Her upbringing was bourgeois Catholic, though her family was by no means wealthy. She went to Catholic schools, was trained and guarded as a young girl by a devout, socially conservative mother, yet stimulated by her father's love of the theater. Although she was kept close to home and inculcated with fears about bodily functions, passion, men and sex, Simone had always a brilliant inquiring intellect. She read and studied incessantly all throughout grade school, high school and college, entering the Sorbonne as one of the few female philosophy candidates. Every drive she had was sublimated into mental activity. She was almost twenty before she went out on her own to bars, plays, movies, at which point she went a bit wild but never experienced more than a kiss from a male.

As she relates her female friendships, her infatuation with her cousin Jacques, her quest to understand life through philosophy, I was enthralled by the combined emotional, spiritual and intellectual fervor which imbued every minute of her coming of age. The loss of her Catholic faith and her attempts to understand her own mind, passions and aspirations were as exciting to me as her tortured relationship with her best friend Zaza.

I doubt that I will ever reach the intellectual heights of this amazing woman, but I have always dreamed of doing so. As I mentioned in my review of The Second Sex, it blows my mind that Simone de Beauvoir was of my own mother's generation yet our mothers were so much alike. It is almost true that she went through my life a generation earlier in another country, in Paris of all places. I am lucky that she always kept a journal and could write so movingly about her life.

(Memoirs of a Dutiful Daughter is available in paperback by order from Once Upon A Time Bookstore.)

Wednesday, June 22, 2011


The Tiger's Wife, Tea Obreht, Random House, 2011, 338 pp

After much pondering, I have decided I need to read this book again someday. There was so much hype about the novel, the author, her youth, her background, on and on. I may have gone into it expecting something I did not find.

What I did find was beautiful writing. Let's do the page 99 test and take the first couple sentences: "You lose sunlight, and suddenly you are driving through a low cloud bank that is unfurling across the road in front of you. It is anchored to the pines and the rocks above you, to the sprawling pastures that open up below, dotted with ramshackle houses, with doorless inns, distant nameless streams." Nice.

I also found a main character who speaks usually in first person but sometimes in second. She is a medical doctor who believes in modern science but whose surroundings in postwar Yugoslavia are steeped in superstition and wild tales. The tales include a semi-feral tiger, once a zoo animal, who takes a human wife. But this woman is oddly unemotional while telling an emotional story so bottomless that you wonder how people survive life at all.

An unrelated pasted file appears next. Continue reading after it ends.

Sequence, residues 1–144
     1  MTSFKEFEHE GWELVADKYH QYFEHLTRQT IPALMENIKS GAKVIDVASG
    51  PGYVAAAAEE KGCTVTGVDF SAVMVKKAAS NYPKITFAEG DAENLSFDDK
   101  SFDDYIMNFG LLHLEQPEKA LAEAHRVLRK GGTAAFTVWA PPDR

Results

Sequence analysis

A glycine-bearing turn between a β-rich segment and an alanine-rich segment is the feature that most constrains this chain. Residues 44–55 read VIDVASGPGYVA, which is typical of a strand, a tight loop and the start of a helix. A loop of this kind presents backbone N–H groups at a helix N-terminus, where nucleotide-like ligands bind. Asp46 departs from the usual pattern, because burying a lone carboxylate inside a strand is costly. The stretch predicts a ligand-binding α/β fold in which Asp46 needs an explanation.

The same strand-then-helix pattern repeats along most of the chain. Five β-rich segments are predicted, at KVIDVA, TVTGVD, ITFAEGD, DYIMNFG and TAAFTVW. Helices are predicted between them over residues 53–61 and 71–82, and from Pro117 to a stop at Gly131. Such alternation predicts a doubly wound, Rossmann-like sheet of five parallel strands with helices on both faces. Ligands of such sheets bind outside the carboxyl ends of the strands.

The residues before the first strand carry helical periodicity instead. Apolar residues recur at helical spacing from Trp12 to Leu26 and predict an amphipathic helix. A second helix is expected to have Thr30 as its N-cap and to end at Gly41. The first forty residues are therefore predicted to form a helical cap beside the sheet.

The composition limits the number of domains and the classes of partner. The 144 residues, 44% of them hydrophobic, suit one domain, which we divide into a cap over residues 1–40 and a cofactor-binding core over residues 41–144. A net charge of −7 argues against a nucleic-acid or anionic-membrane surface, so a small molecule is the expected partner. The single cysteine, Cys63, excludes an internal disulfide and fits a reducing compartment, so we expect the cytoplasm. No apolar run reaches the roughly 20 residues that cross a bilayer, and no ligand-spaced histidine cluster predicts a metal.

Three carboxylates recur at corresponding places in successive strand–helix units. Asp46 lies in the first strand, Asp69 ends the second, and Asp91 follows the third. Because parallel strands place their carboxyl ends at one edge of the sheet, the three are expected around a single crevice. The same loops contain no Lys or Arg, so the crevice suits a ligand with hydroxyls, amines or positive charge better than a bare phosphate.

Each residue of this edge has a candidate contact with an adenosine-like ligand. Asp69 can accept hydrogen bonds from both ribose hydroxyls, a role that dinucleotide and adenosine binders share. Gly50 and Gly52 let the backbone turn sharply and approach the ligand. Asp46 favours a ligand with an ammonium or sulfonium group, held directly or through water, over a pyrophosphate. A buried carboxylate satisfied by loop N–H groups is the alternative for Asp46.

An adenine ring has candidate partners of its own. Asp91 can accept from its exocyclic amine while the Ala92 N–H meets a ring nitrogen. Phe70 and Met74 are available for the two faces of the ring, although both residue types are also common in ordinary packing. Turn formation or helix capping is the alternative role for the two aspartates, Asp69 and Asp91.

I liked the writing and the stories. I had trouble with the form which I found unwieldy and hard to follow. If you have read many of my reviews, you know that for me to say a book is hard to follow is really saying something.

The Tiger's Wife needs to be read slowly, in a savoring mood, with the full understanding that, despite having lived in the United States since she was twelve years old and despite having studied creative writing in American universities, Tea Obreht is an Eastern European writer. In a series of reviews and interviews I read at the blog 3 Guys 1 Book, I was enlightened by the comparison of The Tiger's Wife to novels by Orhan Pamuk, Naguib Mahfouz, and Nikos Kazantzakis. So there you have it. I tried to read The Tiger's Wife as a hot first novel by a young American woman. It is not that. When I read it again, I will know what I am getting into.

I can tell you this. About two years ago I read The Cellist of Sarajevo by Canadian author Steven Galloway. It was the only novel I had read about the Bosnian War and it was not bad. In fact, it was horrifying and moving. Still, it was a story told through the lens of a North American writer. The Tiger's Wife comes from a young woman who was born in the midst of that war, whose life and family were disrupted in ways I can hardly imagine, and who is bringing us news of her homeland along with the folk tales of its people.

To me that is worth more than a million newspaper articles, or nightly newscasts, or NPR commentaries. Even if The Tiger's Wife had been a bad novel, which it certainly is not, it was a necessary read for me.

(The Tiger's Wife is available on the new fiction shelves at Once Upon A Time Bookstore.)

Tuesday, June 21, 2011


The Lost Traveler, Sanora Babb, Reynal & Company, 1958

Before I began my Big Fat Reading Project, I was doing my Tree Grows in Brooklyn Project: trying to read all the fiction books in the library by working through the authors alphabetically. Which is how I happened to read The Lost Traveler. That was in 1994 and here is what I wrote in my reading log about the book:

Les Tannehil is a professional gambler with a wife and two kids. This is not a good combination and it finally explodes in family violence with Les on the run from the law. The writing is good, not as dreary as Joyce Carol Oates but almost. One daughter, Robin, comes to understandings about life, love and people. The rest are lost in the shuffle.